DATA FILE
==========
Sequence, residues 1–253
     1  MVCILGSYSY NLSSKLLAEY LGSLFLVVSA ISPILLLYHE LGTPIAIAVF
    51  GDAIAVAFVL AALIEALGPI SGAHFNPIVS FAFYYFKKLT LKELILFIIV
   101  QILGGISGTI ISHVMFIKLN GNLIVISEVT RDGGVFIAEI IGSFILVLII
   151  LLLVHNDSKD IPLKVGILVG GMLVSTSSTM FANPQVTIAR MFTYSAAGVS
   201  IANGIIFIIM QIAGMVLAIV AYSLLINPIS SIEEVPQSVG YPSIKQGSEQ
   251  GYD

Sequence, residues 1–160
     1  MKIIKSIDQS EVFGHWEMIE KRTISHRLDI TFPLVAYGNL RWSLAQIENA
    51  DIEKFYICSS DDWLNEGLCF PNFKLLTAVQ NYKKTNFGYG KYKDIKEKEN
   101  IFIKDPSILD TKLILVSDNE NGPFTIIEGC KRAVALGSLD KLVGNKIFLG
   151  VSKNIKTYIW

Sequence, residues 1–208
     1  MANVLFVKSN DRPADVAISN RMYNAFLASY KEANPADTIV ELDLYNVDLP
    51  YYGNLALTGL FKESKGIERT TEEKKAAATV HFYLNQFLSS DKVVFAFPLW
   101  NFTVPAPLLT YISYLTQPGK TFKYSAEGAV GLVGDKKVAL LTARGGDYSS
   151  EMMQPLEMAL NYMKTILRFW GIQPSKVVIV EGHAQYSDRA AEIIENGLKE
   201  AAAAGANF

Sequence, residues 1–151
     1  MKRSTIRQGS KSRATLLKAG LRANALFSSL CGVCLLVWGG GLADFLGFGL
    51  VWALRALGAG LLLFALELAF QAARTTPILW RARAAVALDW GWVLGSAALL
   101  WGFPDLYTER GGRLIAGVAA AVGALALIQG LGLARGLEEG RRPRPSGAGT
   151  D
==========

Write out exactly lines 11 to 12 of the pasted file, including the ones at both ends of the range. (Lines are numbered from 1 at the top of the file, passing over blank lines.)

   101  IFIKDPSILD TKLILVSDNE NGPFTIIEGC KRAVALGSLD KLVGNKIFLG
   151  VSKNIKTYIW